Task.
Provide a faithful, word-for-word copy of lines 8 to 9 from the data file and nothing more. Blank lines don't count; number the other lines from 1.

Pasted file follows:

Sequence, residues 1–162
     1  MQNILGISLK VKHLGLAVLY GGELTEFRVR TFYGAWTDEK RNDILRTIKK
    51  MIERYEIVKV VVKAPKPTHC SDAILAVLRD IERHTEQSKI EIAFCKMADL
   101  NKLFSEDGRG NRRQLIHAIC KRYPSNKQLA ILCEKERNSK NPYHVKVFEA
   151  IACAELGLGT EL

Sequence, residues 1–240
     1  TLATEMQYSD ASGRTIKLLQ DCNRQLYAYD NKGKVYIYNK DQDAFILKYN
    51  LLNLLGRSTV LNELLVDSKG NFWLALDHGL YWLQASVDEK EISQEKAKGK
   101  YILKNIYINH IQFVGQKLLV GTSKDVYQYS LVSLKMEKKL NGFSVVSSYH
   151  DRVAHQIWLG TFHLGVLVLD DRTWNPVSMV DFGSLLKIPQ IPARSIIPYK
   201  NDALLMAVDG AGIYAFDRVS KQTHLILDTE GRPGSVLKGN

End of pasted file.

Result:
    51  LLNLLGRSTV LNELLVDSKG NFWLALDHGL YWLQASVDEK EISQEKAKGK
   101  YILKNIYINH IQFVGQKLLV GTSKDVYQYS LVSLKMEKKL NGFSVVSSYH